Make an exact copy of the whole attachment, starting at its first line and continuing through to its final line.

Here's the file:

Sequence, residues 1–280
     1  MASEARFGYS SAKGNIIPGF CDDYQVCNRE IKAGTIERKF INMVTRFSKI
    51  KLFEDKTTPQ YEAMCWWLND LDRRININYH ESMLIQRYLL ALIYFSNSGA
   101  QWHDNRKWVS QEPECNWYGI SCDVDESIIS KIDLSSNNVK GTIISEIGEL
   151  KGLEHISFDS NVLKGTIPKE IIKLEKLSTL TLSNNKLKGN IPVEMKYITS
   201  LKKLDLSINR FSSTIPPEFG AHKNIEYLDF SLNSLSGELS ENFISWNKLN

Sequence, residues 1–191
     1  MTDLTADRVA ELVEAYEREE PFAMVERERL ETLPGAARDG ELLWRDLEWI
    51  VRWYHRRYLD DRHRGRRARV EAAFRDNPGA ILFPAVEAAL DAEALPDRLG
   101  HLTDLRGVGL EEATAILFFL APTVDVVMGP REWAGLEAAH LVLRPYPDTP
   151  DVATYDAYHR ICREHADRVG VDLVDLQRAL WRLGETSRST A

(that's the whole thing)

Sequence, residues 1–280
     1  MASEARFGYS SAKGNIIPGF CDDYQVCNRE IKAGTIERKF INMVTRFSKI
    51  KLFEDKTTPQ YEAMCWWLND LDRRININYH ESMLIQRYLL ALIYFSNSGA
   101  QWHDNRKWVS QEPECNWYGI SCDVDESIIS KIDLSSNNVK GTIISEIGEL
   151  KGLEHISFDS NVLKGTIPKE IIKLEKLSTL TLSNNKLKGN IPVEMKYITS
   201  LKKLDLSINR FSSTIPPEFG AHKNIEYLDF SLNSLSGELS ENFISWNKLN

Sequence, residues 1–191
     1  MTDLTADRVA ELVEAYEREE PFAMVERERL ETLPGAARDG ELLWRDLEWI
    51  VRWYHRRYLD DRHRGRRARV EAAFRDNPGA ILFPAVEAAL DAEALPDRLG
   101  HLTDLRGVGL EEATAILFFL APTVDVVMGP REWAGLEAAH LVLRPYPDTP
   151  DVATYDAYHR ICREHADRVG VDLVDLQRAL WRLGETSRST A